Chasing Chupacabras: Why People Would Rather Believe in a Bloodsucking Red-eyed Monster from Outer-Space than in a Pack of Hungry Dogs

In the tangled depths of its tropical rainforest, the Caribbean island of Puerto Rico is said to hide a monster. Part alien, part vampire, part kangaroo-bat-demon, this monster has been supposedly sucking the blood of animals since 1995. Though reports of the monster’s alleged victims and eyewitnesses have since spread to eleven countries and made headlines worldwide, no scientific investigation to date has found any evidence supporting a paranormal predator. But like Bigfoot, ESP, and UFOs, this phenomenon–known to Spanish-speakers as the Chupacabras–has no shortage of believers.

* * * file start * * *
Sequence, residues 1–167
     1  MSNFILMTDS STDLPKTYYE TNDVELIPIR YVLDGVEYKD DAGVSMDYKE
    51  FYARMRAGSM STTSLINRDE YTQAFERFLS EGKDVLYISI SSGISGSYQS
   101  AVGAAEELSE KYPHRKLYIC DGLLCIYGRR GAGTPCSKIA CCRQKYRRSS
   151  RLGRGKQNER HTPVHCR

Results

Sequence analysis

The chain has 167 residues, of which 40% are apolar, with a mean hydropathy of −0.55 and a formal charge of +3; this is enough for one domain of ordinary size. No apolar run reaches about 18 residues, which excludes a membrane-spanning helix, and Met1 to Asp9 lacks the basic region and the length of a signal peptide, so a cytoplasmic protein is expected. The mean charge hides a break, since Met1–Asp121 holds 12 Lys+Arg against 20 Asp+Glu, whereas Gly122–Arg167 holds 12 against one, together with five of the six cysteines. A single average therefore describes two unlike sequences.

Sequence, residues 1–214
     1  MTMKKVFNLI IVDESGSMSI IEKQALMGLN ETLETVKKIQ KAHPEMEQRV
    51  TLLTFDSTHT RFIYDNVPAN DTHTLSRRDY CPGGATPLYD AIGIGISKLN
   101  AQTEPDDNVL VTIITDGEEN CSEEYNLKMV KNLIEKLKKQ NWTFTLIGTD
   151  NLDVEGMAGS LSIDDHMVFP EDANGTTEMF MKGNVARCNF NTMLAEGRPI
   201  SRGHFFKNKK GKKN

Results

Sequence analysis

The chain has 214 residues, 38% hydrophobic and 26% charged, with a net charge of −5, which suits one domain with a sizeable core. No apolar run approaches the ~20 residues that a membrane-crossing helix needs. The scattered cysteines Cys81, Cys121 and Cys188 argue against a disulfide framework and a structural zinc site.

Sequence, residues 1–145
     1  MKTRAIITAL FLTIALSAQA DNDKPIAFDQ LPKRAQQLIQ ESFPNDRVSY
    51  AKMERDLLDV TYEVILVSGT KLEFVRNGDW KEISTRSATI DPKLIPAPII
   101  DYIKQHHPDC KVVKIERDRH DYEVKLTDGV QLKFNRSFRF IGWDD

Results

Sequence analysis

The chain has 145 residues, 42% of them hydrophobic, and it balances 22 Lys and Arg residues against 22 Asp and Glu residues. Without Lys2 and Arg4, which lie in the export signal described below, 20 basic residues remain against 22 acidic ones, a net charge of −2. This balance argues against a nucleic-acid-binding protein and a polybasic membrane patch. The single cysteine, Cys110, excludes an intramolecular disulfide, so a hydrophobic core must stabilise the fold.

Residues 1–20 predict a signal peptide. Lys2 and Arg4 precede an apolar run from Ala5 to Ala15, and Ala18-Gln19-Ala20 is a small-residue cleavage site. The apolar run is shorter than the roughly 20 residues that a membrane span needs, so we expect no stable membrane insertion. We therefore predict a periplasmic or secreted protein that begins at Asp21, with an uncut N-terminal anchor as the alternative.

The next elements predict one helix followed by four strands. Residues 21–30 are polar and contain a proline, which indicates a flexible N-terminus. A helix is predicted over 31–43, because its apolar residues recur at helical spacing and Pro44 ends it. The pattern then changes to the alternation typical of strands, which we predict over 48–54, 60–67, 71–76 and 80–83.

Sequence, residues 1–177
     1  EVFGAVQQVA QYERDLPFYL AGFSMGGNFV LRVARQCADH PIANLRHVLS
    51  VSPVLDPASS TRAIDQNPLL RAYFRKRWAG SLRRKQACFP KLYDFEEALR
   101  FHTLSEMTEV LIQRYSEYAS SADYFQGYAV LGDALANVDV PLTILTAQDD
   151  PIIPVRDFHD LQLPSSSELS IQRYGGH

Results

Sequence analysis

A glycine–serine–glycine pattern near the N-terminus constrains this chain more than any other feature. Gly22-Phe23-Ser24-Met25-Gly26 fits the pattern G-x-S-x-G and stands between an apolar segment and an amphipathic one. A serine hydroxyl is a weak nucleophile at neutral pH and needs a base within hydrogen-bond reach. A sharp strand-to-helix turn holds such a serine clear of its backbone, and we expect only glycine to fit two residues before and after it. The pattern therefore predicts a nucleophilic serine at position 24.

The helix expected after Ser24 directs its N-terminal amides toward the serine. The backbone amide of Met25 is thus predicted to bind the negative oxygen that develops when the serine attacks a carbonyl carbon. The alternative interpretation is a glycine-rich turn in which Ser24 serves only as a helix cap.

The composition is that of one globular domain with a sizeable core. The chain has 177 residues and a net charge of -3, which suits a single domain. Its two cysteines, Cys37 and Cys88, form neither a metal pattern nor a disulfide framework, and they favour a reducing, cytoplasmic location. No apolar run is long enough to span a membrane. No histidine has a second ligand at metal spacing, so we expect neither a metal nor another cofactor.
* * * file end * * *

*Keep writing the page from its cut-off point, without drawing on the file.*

In the face of little, no, or often-times contrary scientific evidence for the paranormal, people continue to believe. Why? The following thesis attempts an answer from the study of anthropology, psychology, and biology.

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Anna Lee Strachan

About Anna Lee Strachan

Anna Lee Strachan is an Emmy-nominated freelance producer for PBS’s NOVA series. She has produced and directed several hours for PBS’s NOVA including the critically-acclaimed The Fabric of the Cosmos, Making Stuff, and NOVA scienceNOW. As an associate producer she helped produce the Peabody Award-winning two-hour special, Judgment Day: Intelligent Design on Trial. Prior to her television work, she wrote for NASA’s Ask an Astrobiologist website and produced for NPR’s Talk of the Nation: Science Friday. She has a degree in cognitive neuroscience from Harvard University and an M.S. in science writing from MIT. Thesis: Chasing Chupacabras: Why People Would Rather Believe in a Bloodsucking Red-eyed Monster from Outer-Space than in a Pack of Hungry Dogs

 
 

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